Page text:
I’ve been having a really good time today playing with a new present I got myself.
This new book is by artist Emily Martin aka Black Apple. The book is divided into three parts.
Part One is her original paper dolls and their clothes. Each doll has a personality profile including likes and dislikes, for instance, here’s Alice’s list: Likes: Cats, Books with pictures, Her usual height; Dislikes: Boring Lessons, Disorderly tea parties, Egomaniacal Monarchs. Here’s my favorite personality list item . . . Dislikes: Being Poked (Baby) and yes, before you wonder, Baby is just that; a little rosy-cheeked human baby who looks like the kind of tiny baby doll that sort of slumps warm and cozy in the palm of your hand. Part One also includes a section of background paintings, and a toy theater.
Part Two is “Paper You” which is exactly what it sounds like. It has a bunch of customizable paperdolls with equally customizable clothing. You pick the doll that looks the most like the person you want to make a doll of and well, fix it up to include the right color eyes, the correct hair, shoes, etc. Then you make it some clothes. Hours and hours of fun. Here’s the doll I made:
I had bunches of fun working on this. I did what the book suggested and used my scanner/copier to make color copies to work on. I used colored pencils, clip art and a sticker to decorate the clothes, you know, the sort of stuff that is always lying around the workroom. Most of the clothes are extremely plain, the idea being that they are sort of blank slates for you to build on. For instance the underwear, the green top, the purple/black/white faun dress, and the yellow neck scarf were originally totally white. The yellow dress was just a plain yellow dress, I added the elephant bag (which is NOT in the book, it’s picture I had on file). I colored a hat band on the top hat and added texture/color to the green dress and blue jeans. I added the owls, the faun panel and the bug lady. I did customize the doll itself, adding rosy color, darkening the brows and eyelashes and giving it brown eyes. I also drew the shoes and then made a pair of wicked cool boots out of a practice doll’s feet (her face didn’t work out — oops).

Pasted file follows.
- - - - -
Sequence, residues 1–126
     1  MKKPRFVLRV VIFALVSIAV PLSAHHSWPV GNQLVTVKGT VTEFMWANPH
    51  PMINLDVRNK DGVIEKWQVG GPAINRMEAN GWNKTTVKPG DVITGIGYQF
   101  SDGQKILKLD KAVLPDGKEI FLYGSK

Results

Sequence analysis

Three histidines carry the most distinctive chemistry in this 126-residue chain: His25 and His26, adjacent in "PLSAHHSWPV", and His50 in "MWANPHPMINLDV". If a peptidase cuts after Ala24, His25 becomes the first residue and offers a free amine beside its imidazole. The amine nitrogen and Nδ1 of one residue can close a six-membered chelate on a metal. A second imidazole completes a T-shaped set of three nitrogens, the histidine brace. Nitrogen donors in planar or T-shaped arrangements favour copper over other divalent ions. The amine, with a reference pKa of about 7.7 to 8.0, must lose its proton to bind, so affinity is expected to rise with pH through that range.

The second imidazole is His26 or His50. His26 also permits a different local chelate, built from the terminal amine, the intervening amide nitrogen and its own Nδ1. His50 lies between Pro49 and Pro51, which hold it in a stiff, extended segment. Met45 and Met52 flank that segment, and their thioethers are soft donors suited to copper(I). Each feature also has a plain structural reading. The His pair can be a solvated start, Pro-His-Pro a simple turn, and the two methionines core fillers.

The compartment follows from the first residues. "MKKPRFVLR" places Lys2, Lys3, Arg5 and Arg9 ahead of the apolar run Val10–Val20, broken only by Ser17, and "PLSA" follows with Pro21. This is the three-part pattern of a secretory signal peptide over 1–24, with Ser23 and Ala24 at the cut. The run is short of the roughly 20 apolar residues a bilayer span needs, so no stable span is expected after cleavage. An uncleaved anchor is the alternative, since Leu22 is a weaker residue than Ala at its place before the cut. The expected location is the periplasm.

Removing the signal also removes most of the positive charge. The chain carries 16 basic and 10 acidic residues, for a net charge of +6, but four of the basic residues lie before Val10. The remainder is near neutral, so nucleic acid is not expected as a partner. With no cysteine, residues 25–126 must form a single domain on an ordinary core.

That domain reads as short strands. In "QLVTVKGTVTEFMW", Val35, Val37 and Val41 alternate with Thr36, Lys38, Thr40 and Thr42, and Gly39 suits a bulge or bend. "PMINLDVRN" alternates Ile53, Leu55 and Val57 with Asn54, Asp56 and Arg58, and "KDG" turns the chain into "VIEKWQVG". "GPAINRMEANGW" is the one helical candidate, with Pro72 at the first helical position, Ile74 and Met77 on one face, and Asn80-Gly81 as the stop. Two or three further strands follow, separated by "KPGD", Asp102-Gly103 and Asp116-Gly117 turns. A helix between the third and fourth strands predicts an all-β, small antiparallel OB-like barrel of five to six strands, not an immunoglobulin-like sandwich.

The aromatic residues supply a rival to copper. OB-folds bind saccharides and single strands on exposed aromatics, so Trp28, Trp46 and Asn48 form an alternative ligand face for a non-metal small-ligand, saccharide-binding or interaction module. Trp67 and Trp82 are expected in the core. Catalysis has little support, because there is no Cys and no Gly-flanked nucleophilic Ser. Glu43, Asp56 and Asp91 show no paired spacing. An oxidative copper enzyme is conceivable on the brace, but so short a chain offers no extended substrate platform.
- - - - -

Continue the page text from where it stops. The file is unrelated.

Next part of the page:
Part Three is projects make with/for the dolls including a storage armoire (to keep the extensive wardrobe of clothing in don’ cha know), play sets, display stands, jointed dolls, flip books, stationary, and a mobile. It also gives directions for playing “Exquisite Creature” which is a more kid-friendly name for “exquisite corpse”; the old funny tri-fold collaborative draw-a-picture game.
This is a particularly nice book. I wish there had been a book like this when I was a little kid. Edith Flack Ackley’s old battered paper doll book borrowed from the library was the best I had back then and this is in color and has better dolls and more projects. Well, better dolls if you’re very into conjoined twins, bears, goth girls and onion-headed creatures . . . which I am. So there.